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U.S. Commute Time on the Rise

March 31, 2005

U.S. Commute Time on the Rise
March 31, 2005 – During the course of one year, do you spend more time driving to work than on vacation? According to a recent Census Bureau survey, commuting time is going up in the United States, and so is the number of people who travel 90 minutes or more to work each way.

The average one-way commute took 24.3 minutes in 2003, two minutes more than it did in 1990, according to the survey. That adds up to more than 100 hours each year, exceeding the average two weeks of vacation most U.S. workers have annually.

Nationally, only two percent of workers log 90-minute one-way commuting times, but their numbers are growing, according to the survey.

New York City and Baltimore, Md., have the greatest proportion of long-distance commuters, with 5.6 percent of their commuters spending 90 minutes or more getting to work. Riverside, Calif., is third at five percent, and Los Angeles and Philadelphia round out the top five with three percent and 2.9 percent, respectively.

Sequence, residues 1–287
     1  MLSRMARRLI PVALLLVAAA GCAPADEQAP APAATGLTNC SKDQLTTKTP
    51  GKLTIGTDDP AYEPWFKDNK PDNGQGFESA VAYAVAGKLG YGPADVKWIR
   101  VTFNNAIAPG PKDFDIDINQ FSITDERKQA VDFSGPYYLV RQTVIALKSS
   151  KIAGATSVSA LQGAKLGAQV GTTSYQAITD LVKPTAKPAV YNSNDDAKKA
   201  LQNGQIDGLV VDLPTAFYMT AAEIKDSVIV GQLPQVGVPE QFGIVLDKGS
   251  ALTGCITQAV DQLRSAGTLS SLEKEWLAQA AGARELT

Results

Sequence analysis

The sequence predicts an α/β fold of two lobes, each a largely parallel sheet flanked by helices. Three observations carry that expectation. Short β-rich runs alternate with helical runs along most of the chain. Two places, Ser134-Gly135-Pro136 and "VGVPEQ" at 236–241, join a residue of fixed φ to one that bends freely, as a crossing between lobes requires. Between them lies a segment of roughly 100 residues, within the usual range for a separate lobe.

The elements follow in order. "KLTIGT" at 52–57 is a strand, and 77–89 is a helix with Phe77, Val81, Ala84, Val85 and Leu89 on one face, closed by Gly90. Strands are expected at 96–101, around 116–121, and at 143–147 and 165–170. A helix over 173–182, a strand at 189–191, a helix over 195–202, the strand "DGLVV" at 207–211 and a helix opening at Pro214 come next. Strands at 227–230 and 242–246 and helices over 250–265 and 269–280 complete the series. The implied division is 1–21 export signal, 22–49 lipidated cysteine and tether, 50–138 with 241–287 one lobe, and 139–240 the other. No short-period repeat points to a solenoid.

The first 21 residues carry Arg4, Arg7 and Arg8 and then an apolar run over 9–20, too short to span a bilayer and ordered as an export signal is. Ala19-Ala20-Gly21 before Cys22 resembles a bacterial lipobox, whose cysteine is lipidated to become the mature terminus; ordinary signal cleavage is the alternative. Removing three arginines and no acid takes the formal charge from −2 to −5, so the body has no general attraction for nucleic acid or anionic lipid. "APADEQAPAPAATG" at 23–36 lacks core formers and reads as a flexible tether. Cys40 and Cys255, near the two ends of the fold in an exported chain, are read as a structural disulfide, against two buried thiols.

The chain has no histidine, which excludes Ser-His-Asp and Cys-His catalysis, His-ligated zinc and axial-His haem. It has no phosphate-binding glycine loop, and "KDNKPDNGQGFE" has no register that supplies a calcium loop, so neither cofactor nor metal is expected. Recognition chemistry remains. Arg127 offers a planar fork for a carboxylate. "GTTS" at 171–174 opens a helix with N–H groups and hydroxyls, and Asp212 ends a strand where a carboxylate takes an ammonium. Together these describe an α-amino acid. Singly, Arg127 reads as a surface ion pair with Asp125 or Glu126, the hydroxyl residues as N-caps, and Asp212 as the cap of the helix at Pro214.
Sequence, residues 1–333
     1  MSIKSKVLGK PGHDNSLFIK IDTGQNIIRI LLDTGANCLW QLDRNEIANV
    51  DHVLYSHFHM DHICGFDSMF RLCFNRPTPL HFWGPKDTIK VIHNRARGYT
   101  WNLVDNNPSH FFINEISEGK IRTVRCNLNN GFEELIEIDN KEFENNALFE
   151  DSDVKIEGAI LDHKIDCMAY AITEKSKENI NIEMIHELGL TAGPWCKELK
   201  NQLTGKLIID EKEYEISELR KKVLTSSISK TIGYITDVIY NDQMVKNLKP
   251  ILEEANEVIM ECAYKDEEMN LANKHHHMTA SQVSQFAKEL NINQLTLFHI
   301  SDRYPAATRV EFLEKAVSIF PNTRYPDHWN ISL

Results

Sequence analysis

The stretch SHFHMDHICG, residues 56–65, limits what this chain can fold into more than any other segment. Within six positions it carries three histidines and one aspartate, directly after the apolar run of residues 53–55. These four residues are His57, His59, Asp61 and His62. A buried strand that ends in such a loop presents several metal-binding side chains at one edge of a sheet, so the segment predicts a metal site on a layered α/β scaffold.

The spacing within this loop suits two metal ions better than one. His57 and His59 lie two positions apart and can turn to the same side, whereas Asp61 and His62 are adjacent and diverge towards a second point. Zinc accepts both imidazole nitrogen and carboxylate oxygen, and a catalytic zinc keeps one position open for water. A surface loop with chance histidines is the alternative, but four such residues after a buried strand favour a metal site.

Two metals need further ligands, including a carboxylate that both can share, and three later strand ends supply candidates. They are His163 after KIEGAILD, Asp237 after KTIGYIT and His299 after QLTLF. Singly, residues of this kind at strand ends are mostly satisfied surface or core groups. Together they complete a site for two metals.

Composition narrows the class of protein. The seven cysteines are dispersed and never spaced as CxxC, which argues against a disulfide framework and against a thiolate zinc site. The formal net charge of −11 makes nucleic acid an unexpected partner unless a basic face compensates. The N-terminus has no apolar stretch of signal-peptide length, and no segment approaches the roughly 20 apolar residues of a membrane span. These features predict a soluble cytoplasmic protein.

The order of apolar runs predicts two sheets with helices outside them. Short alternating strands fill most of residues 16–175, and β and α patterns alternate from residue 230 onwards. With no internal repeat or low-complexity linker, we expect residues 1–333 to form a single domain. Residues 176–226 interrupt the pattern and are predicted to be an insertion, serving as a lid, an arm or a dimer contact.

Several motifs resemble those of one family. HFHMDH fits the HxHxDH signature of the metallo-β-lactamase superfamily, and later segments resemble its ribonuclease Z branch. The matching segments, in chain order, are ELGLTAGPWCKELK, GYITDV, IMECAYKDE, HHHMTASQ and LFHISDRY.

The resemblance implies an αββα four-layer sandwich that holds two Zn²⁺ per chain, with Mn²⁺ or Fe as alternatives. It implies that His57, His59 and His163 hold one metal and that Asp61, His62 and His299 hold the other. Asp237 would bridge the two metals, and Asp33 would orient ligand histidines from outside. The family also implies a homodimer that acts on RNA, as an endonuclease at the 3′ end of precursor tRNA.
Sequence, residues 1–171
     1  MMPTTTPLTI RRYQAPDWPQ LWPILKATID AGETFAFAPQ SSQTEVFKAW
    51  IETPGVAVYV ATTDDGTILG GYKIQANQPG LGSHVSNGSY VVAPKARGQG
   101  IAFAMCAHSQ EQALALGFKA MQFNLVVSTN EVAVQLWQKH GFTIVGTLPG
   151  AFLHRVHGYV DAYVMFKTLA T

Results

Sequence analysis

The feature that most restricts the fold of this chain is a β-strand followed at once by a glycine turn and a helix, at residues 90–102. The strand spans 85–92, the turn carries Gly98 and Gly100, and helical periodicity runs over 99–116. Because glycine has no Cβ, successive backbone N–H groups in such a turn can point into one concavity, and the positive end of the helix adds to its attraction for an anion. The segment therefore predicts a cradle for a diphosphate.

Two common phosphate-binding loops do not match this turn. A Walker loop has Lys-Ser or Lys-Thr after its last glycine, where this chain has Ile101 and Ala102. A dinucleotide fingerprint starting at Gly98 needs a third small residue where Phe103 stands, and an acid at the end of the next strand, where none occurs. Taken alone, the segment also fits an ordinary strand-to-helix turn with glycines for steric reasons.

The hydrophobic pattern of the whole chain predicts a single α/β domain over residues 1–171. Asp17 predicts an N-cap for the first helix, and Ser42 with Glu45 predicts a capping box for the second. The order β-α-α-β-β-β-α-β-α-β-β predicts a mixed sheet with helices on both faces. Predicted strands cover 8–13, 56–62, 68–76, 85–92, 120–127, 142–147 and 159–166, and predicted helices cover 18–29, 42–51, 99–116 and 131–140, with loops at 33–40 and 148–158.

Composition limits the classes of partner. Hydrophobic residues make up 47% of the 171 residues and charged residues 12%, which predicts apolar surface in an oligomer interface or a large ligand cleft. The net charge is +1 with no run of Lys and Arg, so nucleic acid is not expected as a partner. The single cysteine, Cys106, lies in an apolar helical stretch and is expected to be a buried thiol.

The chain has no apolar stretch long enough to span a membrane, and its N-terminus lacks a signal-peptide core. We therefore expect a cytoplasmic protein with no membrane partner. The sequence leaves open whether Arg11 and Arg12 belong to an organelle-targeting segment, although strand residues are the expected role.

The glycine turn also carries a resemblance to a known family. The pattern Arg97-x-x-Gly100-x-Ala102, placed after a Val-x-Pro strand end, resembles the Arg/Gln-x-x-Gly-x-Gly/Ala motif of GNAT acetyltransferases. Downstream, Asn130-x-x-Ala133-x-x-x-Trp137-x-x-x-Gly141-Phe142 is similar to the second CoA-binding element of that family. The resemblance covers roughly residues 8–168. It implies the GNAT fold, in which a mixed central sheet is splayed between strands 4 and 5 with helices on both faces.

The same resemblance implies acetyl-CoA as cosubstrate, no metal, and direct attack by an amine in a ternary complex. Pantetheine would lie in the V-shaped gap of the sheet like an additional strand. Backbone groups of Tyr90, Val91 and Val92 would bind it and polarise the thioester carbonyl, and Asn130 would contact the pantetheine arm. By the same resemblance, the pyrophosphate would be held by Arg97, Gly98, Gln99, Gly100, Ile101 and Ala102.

Workers in New York City spent the longest time traveling to work on average. At 38 minutes, their commute time is some nine minutes longer than their counterparts in Los Angeles. Commuters in Chicago were second at 33 minutes.

The Census Bureau says the shortest commutes, 17 minutes or less, were in Corpus Christi, Texas; Wichita, Kan.; and Tulsa, Okla.

The survey also showed that nationally, less than five percent of commuters took public transportation. When they did, it often took a few minutes longer to get to work than for those who drove. About 77 percent of commuters drive alone, compared with 73 percent in 2000.

The census figures are based on the bureau’s annual American Community Survey, which surveyed 800,000 households in 2003, including commuters 16 years and older. Information is used in deciding where to build new roads and new schools, U.S. Census Bureau Director Louis Kincannon said.

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